Over my career, I have observed that most managers prefer to be prison wardens rather than viewing themselves as coaches of star teams. You may have noticed that when sports teams do not perform, it is the coach who gets fired rather than the players. Coaches are easier to find than talent on the field. Brilliant coaches deploy expertise and referent power to influence their players instead of rewards and punishments. As they are bound by contracts and hard to replace, it is not easy to let players go. Furthermore, successful athletes are too rich at a young age, limiting the value of monetary incentives.
The academic environment has dynamics comparable to sports teams. Faculty, especially the stars, have tenure (lifetime employment) and annual raises tend to be relatively small compared to what one can earn via consulting assignments. Thus, deans have limited reward and punishment powers. I once recall telling a dean that I do not respond to incentives because that is how you control rats in a cage.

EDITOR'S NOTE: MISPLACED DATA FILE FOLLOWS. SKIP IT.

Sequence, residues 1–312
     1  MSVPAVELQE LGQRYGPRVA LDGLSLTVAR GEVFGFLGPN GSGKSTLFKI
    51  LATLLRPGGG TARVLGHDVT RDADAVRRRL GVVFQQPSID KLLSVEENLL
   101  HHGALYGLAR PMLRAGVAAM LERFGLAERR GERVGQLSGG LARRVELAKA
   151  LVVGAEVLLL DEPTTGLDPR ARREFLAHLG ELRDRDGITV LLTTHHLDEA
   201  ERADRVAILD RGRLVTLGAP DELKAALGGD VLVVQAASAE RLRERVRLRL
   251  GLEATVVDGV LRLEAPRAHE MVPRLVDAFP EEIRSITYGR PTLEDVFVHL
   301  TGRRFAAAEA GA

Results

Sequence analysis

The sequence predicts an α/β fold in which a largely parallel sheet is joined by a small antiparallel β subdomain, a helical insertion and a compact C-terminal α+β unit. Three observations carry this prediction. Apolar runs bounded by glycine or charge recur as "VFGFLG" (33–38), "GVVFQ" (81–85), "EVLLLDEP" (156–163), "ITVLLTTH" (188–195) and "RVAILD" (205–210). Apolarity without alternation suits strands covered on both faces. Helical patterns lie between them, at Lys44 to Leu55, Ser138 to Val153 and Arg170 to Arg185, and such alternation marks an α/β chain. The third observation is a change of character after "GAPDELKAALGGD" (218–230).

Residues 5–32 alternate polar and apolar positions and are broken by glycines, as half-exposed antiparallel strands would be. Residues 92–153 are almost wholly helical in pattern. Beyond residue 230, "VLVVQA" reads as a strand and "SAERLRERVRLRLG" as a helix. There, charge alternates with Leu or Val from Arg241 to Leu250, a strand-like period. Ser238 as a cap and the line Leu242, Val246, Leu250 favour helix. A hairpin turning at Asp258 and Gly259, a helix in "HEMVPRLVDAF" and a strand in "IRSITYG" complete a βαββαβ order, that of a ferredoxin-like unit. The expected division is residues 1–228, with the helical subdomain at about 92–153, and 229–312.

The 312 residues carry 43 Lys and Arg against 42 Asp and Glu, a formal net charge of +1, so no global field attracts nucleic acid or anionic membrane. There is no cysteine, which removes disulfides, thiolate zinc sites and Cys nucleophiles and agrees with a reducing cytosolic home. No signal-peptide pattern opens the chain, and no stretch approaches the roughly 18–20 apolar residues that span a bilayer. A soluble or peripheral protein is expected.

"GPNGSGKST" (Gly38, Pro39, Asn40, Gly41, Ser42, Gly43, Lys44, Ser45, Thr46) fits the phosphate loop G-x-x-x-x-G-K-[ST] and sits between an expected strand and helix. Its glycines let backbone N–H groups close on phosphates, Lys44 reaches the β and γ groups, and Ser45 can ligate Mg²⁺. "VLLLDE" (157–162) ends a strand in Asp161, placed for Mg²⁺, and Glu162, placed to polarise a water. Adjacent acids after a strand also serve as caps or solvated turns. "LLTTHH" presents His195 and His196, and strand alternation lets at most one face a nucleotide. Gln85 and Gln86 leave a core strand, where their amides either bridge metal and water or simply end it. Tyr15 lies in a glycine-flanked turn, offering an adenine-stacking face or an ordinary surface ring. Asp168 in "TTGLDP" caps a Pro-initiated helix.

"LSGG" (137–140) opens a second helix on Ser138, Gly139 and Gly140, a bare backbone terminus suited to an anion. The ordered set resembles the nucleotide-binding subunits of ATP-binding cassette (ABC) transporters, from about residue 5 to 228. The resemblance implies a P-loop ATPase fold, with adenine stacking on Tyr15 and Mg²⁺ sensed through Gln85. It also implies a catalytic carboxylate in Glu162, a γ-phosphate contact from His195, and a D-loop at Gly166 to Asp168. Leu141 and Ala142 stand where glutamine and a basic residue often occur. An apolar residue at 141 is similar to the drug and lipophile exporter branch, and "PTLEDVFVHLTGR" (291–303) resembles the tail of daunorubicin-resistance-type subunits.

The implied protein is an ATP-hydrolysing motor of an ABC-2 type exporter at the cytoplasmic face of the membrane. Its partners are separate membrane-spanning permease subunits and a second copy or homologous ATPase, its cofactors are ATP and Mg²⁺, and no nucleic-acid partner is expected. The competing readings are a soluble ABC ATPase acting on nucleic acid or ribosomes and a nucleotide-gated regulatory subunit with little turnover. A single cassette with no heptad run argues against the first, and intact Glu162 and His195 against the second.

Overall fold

Organization’s contend talent is critical to their success. But the relative proportion of free agents to prisoners necessary for success differs dramatically across organizations. One needs to reflect deeply on the business model and core competences to assess this.
Finally, I hope we reflect on our own managerial style. If you have only managed prisoners, then have you really managed anyone? Once you remove the ability to reward and punish, I find that most managers become naked.